She warned me that all photography was in fact illegal, but that arrests were “hit or miss”, depending on the mood of the officer.
Only the day before, we’d met a woman who was born and raised in Tiraspol before moving to Holland. She warned me that all photography was in fact illegal, but that arrests were “hit or miss”, depending on the mood of the officer. She explained that freedom of the press was limited and stories from inside Transdniester were long sought after by foreign journalists. The police, she said, are often on the look out for such behavior, so it is better to play it safe. Aside from making us more nervous, she was able to tell us a bit more about Transdniester’s history and how it serves as a power play between the encroaching EU and Russia’s tribute to its glorious past. Transdniester’s self-proclaimed independence is still not recognized by any country in the world. Moldova declared its independence from the USSR in 1991, and as an EU hopeful, looked forward to the future security of other EU lands bordering it.
Needless to say, a breakaway republic of Russian descent was most unwelcome. Despite signing international obligations to withdraw, Russian military forces supposedly still remain in Transdniester–a symbol that most likely reminded all parties of the short war that was fought in 1992, when Transdniester declared its independence from Moldova.
We made our way down the main promenade after passing many high-walled factories in various states of disrepair. While looking for a restaurant, we attracted many strange glares, but aside from being tourists, we couldn’t discern any reason why. English was definitely off the menu, so we ordered randomly, again as though spinning a wheel of chance. This time, neither of us was happy with our selections, but the beer tasted fine and we thought it was decidedly well deserved.
Back outside, with my camera now in hand, we had the feeling that someone was following us but weren’t sure if we were just being paranoid. We decided to test our theory by entering a supermarket before leaving hastily, and waiting for our “shadow” to do the same. Sure enough, he followed us in, then right back out–a bit too much of a coincidence we thought. Undeterred, if not a little bit nervous, we pushed forward, walking the quiet streets, trying not to look suspicious, while feeling anything but.
I snapped a few more photographs outside the bus station before trying to board the bus back to Moldova. The driver simply looked at my camera and claimed the bus was full, even though there was barely anyone on it. Finally, after putting my camera away, we were allowed on the next bus, thirty minutes later.
The truth was that there hadn’t really been much to see–getting there and the fear of the unknown was definitely the highlight of the journey…
The drive back to Moldova was strange and somewhat surreal. We had succeeded in our goal, having ventured into a place that few westerners had ever seen. The truth was that there hadn’t really been much to see–getting there and the fear of the unknown was definitely the highlight of the journey. Otherwise, it was the intangible elements and undertones that made this experience truly unforgettable â€“ things that you couldn’t quite put your finger on even though you felt their presence all around you. After all, we had visited a land that didn’t officially exist, and reflecting on this added to the dreamlike mood of the journey. Leaving the country was also much easier than entering. We actually had the impression that the border guards were happy to see us leave. This sentiment also seemed like a good allegory for the trip, at least as far as we surmised: they were content with their set ways, and didn’t seem to want any outside attention. We only wondered if they were really happy, or if this was just an act due to the oppression they lived under.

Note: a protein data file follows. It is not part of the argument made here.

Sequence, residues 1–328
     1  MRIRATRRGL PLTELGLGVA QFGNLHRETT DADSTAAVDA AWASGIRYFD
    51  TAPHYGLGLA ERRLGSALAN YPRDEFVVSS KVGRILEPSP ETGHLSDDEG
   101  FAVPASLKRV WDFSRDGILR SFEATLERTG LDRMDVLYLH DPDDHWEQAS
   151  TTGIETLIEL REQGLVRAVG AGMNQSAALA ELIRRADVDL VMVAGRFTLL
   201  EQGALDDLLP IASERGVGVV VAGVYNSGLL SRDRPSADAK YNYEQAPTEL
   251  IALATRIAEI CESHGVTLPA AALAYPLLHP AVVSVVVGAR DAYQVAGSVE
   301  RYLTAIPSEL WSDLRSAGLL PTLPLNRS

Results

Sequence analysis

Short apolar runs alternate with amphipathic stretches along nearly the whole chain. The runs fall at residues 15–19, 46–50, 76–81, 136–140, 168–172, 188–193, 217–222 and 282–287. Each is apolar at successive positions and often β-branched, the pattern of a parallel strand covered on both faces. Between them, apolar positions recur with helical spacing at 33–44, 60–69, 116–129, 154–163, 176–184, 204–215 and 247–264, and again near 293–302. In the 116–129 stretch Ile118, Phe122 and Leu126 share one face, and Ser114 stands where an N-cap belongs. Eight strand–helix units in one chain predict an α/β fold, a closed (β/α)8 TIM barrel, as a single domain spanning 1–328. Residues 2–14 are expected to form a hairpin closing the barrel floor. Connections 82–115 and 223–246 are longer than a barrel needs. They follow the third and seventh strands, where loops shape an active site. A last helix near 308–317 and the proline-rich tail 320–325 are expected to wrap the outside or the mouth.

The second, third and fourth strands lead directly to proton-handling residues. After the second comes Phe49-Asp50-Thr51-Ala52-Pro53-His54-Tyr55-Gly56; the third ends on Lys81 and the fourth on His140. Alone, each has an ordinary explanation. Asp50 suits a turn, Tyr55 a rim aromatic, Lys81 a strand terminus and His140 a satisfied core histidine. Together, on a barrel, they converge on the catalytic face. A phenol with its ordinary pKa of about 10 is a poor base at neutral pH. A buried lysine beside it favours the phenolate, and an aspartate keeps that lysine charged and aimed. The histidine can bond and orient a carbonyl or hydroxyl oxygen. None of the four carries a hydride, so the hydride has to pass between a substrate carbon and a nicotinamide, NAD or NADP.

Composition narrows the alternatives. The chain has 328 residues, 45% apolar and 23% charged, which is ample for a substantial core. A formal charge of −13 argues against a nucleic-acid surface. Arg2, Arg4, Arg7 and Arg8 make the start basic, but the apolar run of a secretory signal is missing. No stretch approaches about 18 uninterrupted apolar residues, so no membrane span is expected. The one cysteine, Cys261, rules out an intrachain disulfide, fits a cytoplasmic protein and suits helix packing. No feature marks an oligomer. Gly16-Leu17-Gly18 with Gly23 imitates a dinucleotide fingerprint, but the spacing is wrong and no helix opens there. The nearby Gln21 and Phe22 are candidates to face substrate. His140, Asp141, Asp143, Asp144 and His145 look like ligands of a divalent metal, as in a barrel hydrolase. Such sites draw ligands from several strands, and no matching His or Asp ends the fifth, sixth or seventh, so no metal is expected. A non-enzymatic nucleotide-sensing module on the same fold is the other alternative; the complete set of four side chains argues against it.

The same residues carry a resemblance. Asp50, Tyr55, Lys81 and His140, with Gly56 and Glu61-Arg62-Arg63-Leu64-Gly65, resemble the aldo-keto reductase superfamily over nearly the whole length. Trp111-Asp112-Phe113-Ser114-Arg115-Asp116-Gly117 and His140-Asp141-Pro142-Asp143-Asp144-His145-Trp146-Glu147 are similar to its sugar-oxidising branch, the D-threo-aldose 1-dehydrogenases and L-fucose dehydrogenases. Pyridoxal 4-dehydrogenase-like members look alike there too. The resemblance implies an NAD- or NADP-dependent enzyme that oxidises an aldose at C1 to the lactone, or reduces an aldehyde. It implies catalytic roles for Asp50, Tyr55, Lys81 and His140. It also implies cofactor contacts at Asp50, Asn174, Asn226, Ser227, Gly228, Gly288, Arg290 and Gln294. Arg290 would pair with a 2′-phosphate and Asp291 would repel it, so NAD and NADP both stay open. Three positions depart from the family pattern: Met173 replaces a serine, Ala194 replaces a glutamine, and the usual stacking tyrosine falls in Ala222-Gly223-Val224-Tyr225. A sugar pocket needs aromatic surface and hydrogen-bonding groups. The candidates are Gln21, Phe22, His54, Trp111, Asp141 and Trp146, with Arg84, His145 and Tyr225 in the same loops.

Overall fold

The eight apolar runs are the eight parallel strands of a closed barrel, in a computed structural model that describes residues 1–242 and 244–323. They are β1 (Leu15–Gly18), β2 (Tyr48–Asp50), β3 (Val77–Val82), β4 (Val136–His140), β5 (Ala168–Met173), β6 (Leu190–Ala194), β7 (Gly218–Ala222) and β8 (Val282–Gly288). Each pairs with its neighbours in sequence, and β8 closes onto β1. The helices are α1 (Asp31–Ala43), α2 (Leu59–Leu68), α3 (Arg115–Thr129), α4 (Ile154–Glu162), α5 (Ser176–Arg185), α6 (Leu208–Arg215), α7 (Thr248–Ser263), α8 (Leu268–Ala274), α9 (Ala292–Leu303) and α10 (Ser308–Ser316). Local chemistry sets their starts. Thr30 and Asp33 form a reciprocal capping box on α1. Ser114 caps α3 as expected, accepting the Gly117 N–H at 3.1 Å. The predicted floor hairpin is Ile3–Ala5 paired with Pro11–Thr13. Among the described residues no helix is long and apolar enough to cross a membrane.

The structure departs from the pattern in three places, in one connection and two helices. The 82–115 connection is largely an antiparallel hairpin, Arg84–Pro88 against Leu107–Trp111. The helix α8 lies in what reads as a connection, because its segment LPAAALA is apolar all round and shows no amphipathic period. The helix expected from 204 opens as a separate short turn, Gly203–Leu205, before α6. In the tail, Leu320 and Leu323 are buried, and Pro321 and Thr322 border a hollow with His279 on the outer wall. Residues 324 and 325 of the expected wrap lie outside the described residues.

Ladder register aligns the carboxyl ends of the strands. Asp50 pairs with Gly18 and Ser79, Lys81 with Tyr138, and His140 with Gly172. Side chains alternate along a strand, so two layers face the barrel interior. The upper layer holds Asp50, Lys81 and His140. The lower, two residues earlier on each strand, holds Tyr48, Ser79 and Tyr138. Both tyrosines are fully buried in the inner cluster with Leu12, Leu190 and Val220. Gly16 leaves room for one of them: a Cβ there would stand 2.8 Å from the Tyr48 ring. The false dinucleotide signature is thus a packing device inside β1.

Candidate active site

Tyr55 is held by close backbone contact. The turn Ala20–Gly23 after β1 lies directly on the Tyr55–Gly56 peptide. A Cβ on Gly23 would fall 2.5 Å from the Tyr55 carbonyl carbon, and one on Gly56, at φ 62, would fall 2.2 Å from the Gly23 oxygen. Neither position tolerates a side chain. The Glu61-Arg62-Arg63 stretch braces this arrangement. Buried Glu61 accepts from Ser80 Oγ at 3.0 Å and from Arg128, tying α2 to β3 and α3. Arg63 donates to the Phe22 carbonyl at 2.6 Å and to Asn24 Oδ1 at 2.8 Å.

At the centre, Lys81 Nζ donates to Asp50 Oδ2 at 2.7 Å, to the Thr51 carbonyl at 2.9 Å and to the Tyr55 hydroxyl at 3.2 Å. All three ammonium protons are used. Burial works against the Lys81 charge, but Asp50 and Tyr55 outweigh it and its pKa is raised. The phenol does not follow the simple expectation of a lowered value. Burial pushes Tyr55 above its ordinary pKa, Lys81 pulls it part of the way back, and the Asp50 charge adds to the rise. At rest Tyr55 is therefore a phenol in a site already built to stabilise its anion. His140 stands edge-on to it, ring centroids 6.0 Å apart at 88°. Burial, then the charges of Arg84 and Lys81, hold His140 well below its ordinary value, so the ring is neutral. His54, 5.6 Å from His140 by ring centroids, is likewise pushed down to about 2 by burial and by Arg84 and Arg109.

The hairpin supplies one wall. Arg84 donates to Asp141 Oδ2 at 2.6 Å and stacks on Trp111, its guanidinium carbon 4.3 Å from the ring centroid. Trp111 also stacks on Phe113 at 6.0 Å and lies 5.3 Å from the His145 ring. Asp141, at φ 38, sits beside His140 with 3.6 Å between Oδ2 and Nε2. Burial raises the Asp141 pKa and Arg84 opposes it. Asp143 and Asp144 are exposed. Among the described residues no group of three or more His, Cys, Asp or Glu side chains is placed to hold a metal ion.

Back in Chisinau, Moldova
Back in the pitch black night in Moldova, Jay was intent on going back to our hotel after our journey, but I was determined to visit a bar I’d read about called Deja Vu. It held personal significance for me considering the title of one of my previous art exhibitions, The Lasting Tingle of Deja Vu. But even more, I wanted to confirm rumors that the Chisinau nightlife was something that had to be experienced. I found the place easily and passed though various security checks and a metal detector before being allowed inside. Moldova was notorious for quite a few dubious distinctions, such as being a haven for money laundering and arms trafficking. Security like this only perpetuated the myths. Despite being alone, I pledged to stay for at least a drink and made myself comfortable at the bar among a few people and DJ spinning house music near the small dance floor. After ordering a five- dollar gin & tonic, I sat back and watched the bartender flip and spin bottles in true Cocktail fashion. Sipping my drink in relative solitude, I began to wonder what all the nightlife hype was about, and how the locals could afford these drink prices. As if on cue, the place became instantly packed with clubbers. Men in expensive suits ogled scantily-clad women who seemed to welcome the attention. The bartender’s bottle-flipping frenzy intensified, resembling a side show circus routine: lighting bottles on fire and flinging them around with ease as the clientele danced, rang bells and blew whistles to the music. The bar in front of me transformed into a second dance floor as women from all directions clamored in stiletto heels to climb up on to it and sway above the crowd. I had to snatch my drink out of the way to avoid losing it in the whirl of excitement. I stayed until 4 am in complete amazement that a Wednesday evening could ever be so wild, especially compared to the somber afternoon spent in Tiraspol.